Congress Passes Payroll Tax Cut and Unemployment Benefits Extension


Congress passed legislation extending the payroll tax cut, unemployment benefits, and the “doc fix” for Medicare physician reimbursements through the remainder of the year.

The House approved the measure by a vote of 239-132, while the Senate quickly passed the legislation by a 60-36 vote, ahead of a congressional recess that starts this weekend. President Obama is expected to sign it into law before the current two-month extension expires at the end of this month.

The bill, known as the Middle Class Tax Relief & Job Creation Act, extends the 2 percentage point cut in Social Security and Medicare withholding taxes to 4.2 percent. It also extends unemployment benefits through the rest of the year, although the 99-week maximum benefit in some states will be gradually scaled back to 73 weeks

Democratic and Republican negotiators in a congressional conference committee agreed this week to pay for the extension in part through auctions of wireless spectrum, a 2.3 percent increase in pension contributions by new government employees, and health care offsets that fix technical errors and reduce spending on providers and corporations to ensure Medicare patients continue to have access to their doctors.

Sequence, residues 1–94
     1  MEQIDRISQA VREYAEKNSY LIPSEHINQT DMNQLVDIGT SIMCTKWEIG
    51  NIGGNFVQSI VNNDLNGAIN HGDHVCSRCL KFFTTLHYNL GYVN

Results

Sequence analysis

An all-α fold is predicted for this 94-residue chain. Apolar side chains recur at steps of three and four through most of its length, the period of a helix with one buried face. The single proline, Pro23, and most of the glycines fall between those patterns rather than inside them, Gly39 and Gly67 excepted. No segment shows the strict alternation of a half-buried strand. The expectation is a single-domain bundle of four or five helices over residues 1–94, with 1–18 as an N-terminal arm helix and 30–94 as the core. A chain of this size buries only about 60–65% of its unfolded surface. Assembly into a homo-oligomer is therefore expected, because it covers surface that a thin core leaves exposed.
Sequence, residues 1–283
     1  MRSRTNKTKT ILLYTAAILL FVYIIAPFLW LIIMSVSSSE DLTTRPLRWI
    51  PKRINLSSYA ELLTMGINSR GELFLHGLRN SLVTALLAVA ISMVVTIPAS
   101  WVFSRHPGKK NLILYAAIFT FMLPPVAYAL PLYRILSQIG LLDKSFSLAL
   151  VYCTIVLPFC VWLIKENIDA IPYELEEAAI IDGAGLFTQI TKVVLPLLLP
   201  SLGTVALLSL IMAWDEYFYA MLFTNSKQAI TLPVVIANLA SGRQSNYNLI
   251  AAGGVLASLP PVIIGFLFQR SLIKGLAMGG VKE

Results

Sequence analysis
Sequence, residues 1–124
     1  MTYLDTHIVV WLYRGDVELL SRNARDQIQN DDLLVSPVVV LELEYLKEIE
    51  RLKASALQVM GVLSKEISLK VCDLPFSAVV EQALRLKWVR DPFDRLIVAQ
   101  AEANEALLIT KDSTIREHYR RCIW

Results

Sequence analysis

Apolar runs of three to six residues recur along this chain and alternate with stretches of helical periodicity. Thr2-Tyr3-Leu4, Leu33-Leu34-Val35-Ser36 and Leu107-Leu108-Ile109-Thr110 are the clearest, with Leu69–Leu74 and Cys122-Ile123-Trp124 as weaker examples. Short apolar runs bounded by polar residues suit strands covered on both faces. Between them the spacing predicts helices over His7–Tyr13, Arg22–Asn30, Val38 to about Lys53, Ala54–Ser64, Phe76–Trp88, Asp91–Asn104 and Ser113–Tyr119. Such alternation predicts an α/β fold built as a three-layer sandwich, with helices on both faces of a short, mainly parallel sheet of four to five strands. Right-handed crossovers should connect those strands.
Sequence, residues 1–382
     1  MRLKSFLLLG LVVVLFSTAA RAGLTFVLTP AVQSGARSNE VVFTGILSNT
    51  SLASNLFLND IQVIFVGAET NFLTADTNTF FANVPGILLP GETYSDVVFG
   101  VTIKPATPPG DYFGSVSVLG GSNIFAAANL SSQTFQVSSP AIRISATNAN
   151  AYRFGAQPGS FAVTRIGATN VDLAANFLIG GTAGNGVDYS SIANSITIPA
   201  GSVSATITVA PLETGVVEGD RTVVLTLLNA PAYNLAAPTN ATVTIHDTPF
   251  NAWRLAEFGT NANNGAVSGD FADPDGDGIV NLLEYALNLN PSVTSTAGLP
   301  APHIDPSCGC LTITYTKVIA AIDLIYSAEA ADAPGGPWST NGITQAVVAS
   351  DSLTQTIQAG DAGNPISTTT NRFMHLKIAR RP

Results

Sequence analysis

The agreement includes some reforms to the unemployment insurance program pushed for by Republicans, allowing states to promote the re-employment of unemployed workers through demonstration projects, and to require drug tests, but only for people who were fired for unlawful use of controlled substances. It also creates a national job search standard, covering benefits from beginning to end, and requires the unemployed to look for a job if they receive unemployment benefits, while expanding work-sharing programs to help avoid layoffs in the first place.

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